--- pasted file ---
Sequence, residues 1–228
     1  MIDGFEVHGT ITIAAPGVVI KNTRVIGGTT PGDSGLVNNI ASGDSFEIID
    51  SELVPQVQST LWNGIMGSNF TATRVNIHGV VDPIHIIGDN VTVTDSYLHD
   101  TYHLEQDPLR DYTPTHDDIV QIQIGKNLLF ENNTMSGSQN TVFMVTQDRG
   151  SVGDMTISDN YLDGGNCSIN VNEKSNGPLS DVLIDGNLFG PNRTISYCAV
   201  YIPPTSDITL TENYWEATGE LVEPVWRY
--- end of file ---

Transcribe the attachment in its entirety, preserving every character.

Sequence, residues 1–228
     1  MIDGFEVHGT ITIAAPGVVI KNTRVIGGTT PGDSGLVNNI ASGDSFEIID
    51  SELVPQVQST LWNGIMGSNF TATRVNIHGV VDPIHIIGDN VTVTDSYLHD
   101  TYHLEQDPLR DYTPTHDDIV QIQIGKNLLF ENNTMSGSQN TVFMVTQDRG
   151  SVGDMTISDN YLDGGNCSIN VNEKSNGPLS DVLIDGNLFG PNRTISYCAV
   201  YIPPTSDITL TENYWEATGE LVEPVWRY